I’m drinking Hennessy Paradis Imperial at the Hennessy headquarters in New York City and it’s luminous. Light yet structured, strong yet elegant, the Cognac is a blend of liquids up to 130 years old (it takes around nine bottles of wine to make one bottle of cognac). The problem is, there will never be another Cognac like the one I’m drinking. And a big part of that has to do with climate change.
“I don’t know what side of the equation you’re on, whether you believe in global warming or you’re wrong,” Jordan Bushell, a national brand ambassador for Hennessy, tells me. “It’s happening, and we know it because we look for light, bright, acidic wines to distill.”
Those light, bright, acidic wines are becoming harder and harder to find. The best wines to make Cognac are around 6 to 9 percent alcohol, but the alcohol content of wine is largely dependent on the temperature in which the grapes are grown. A warmer climate means the grapes will have more sugar, which directly translates to a higher final alcohol content. “In the last 10 years they’ve hit 10 percent alcohol in some places,” says Bushell. “That’s not good for us.”
It’s not just Cognac that’s feeling the heat, either. Bushell is joined by more than 90 percent of scientists united in the belief that climate change has already started to transform the agricultural landscape, including the world’s most renowned grape-producing regions. Estimates vary, but there’s a chance that planet Earth could warm by an average of 3.6 degrees Fahrenheit by 2020.
This will have dramatic consequences for wine. Too warm of a growing season means grapes that are high in sugar and low in acid, which makes for unbalanced and unstructured wines. And if the weather gets hot too early in the season, the grapevines bud too soon and can be destroyed by late hail and frost. The sugar-to-acid ratio and the timing of the harvest are crucial aspects of winemaking — aspects that are directly threatened by global warming. One 2013 study went so far as to project that two-thirds of today’s wine regions won’t be viable grape producing regions in their current state by 2020; they will simply be too hot.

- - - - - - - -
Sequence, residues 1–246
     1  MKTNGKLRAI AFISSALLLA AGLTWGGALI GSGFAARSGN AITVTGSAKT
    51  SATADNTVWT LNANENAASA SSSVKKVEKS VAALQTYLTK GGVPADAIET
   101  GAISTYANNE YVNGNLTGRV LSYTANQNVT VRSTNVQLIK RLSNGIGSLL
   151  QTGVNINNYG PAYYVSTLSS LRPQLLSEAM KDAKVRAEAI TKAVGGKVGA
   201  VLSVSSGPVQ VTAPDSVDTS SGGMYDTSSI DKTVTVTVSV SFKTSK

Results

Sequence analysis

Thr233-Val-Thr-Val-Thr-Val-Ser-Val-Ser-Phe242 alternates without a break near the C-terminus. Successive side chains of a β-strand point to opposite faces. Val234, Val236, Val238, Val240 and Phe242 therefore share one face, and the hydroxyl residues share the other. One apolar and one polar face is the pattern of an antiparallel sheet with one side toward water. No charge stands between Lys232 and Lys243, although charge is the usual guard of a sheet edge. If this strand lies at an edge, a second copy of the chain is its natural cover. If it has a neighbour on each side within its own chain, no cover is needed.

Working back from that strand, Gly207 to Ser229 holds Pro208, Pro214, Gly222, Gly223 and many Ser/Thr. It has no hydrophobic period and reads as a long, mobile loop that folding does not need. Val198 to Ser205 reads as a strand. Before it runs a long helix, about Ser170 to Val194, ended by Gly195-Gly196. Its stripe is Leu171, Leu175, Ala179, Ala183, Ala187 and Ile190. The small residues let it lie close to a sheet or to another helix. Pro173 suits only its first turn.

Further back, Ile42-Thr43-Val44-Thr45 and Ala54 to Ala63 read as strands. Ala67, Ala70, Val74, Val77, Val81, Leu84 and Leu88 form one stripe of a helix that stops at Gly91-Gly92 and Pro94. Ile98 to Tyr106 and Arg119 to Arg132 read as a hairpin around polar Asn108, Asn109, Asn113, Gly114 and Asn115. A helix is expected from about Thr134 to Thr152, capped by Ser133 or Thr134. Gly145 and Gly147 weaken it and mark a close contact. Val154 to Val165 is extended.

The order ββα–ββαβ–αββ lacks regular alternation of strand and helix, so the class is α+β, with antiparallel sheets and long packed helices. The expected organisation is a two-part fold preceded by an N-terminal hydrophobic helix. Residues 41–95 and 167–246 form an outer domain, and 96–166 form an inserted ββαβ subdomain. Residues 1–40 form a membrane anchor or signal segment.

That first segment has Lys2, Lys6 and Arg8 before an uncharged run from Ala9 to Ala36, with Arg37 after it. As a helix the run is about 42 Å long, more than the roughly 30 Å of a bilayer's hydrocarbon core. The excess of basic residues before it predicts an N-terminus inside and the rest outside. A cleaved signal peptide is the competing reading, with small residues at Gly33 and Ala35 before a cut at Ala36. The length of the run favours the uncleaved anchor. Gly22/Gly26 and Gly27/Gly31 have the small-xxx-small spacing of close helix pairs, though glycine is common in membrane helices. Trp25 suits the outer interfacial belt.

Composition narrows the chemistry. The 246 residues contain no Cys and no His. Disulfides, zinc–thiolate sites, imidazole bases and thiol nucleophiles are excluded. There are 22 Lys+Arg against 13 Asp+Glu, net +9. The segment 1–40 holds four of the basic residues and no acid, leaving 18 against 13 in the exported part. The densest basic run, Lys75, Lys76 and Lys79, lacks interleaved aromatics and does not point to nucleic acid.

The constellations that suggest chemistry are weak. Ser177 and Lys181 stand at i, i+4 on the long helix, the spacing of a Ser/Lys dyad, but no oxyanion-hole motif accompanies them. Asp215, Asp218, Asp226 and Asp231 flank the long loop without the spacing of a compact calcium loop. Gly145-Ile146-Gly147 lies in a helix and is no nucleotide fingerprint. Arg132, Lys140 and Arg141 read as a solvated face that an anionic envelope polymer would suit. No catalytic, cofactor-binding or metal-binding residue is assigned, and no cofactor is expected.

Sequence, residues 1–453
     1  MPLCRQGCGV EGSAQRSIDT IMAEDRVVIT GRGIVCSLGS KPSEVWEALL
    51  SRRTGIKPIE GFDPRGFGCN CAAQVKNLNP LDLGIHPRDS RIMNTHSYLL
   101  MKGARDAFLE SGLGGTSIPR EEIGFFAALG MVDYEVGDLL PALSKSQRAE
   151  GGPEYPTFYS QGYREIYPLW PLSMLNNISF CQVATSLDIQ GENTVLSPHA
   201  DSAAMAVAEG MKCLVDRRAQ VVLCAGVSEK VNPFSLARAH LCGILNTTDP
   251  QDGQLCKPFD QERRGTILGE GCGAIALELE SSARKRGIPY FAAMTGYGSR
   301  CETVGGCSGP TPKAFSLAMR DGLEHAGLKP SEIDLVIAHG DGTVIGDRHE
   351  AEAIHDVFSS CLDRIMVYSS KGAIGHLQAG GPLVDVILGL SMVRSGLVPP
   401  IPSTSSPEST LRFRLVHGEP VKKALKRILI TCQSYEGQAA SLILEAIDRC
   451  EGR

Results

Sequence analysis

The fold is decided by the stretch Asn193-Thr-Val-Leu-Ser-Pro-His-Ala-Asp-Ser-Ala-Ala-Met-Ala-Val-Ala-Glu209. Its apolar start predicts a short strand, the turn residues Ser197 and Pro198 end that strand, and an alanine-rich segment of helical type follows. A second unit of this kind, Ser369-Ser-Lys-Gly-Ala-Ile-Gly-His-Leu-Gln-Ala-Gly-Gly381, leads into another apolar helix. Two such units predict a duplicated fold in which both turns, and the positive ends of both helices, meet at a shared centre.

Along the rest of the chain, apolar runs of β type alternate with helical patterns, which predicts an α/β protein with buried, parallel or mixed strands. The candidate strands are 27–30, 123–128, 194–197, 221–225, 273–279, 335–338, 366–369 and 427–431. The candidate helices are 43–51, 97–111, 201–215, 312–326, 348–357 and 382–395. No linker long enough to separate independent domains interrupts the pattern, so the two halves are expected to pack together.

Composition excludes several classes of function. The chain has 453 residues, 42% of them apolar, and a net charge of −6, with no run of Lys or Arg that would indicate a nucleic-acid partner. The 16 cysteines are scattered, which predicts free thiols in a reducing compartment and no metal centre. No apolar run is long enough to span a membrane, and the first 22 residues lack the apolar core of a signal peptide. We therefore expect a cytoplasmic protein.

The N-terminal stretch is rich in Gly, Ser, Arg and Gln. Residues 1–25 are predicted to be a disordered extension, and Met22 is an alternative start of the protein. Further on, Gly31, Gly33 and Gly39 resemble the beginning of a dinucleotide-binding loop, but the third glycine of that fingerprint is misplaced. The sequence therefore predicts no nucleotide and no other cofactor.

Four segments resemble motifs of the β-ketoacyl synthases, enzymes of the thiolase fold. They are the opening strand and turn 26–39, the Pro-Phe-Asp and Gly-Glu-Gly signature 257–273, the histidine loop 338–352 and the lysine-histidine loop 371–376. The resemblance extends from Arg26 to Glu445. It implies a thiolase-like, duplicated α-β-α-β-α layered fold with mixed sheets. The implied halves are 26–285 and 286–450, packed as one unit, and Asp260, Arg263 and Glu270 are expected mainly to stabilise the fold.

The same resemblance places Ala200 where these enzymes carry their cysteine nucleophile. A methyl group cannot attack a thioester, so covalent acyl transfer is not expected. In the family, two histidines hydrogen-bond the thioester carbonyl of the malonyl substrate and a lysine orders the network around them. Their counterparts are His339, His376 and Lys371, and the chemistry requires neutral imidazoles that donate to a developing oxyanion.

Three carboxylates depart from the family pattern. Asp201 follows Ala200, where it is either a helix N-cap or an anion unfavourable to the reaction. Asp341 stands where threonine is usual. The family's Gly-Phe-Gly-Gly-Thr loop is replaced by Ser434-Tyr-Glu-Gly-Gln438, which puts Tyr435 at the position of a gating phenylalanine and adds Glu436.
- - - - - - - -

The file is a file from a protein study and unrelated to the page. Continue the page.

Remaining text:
This has left some winemakers at a loss. “We’re seeing very erratic patterns, which makes it hard to understand what is going on,” Jeremy Seysses, owner and winemaker at Domaine Dujac in Burgundy told Eater. It also led 18 leading winemakers in the Journal of Wine Economics in 2016 to call recent vintages “average — certainly not great — vintages” in a field report, and to speculate about what the future might hold.
But others — including the distillers at Hennessy and other winemakers I spoke with — are looking for creative ways of coping.
Climate Change in Winemaking
The vast majority of scientists agree that some degree of climate change has already occurred, and more is inevitable. Data from the National Oceanic and Atmospheric Administration shows that the planet has been hotter than the baseline average for 627 months in a row, and there hasn’t been a month that was cooler than the baseline average since 1964. In addition to the overall rise in temperatures globally, global warming creates extreme weather like heatwaves, droughts, floods, and storms.
Vineyard owners and winemakers are especially susceptible to these kinds of conditions. The most popular wine growing regions are in temperate climates — think Burgundy, Bordeaux, Napa Valley, Oregon, along the Mediterranean, and on the southern coast of Australia. That’s not a coincidence. Vitis vinifera grape varieties — the ones that make classic wines — thrive between around 53 and 72 degrees Fahrenheit. Pinot Noir, one of the most treasured and fragile varieties and the one that makes Burgundy famous, does best when exposed to the short temperature window of 57 and 60 degrees Fahrenheit.